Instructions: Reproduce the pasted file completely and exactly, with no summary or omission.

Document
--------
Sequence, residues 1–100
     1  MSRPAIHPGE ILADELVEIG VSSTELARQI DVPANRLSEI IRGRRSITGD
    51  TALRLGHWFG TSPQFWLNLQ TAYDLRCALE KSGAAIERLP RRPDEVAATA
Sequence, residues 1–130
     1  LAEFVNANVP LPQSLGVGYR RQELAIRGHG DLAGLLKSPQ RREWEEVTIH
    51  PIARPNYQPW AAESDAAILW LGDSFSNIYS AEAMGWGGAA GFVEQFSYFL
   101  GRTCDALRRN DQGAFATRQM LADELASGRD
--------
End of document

Sequence, residues 1–100
     1  MSRPAIHPGE ILADELVEIG VSSTELARQI DVPANRLSEI IRGRRSITGD
    51  TALRLGHWFG TSPQFWLNLQ TAYDLRCALE KSGAAIERLP RRPDEVAATA
Sequence, residues 1–130
     1  LAEFVNANVP LPQSLGVGYR RQELAIRGHG DLAGLLKSPQ RREWEEVTIH
    51  PIARPNYQPW AAESDAAILW LGDSFSNIYS AEAMGWGGAA GFVEQFSYFL
   101  GRTCDALRRN DQGAFATRQM LADELASGRD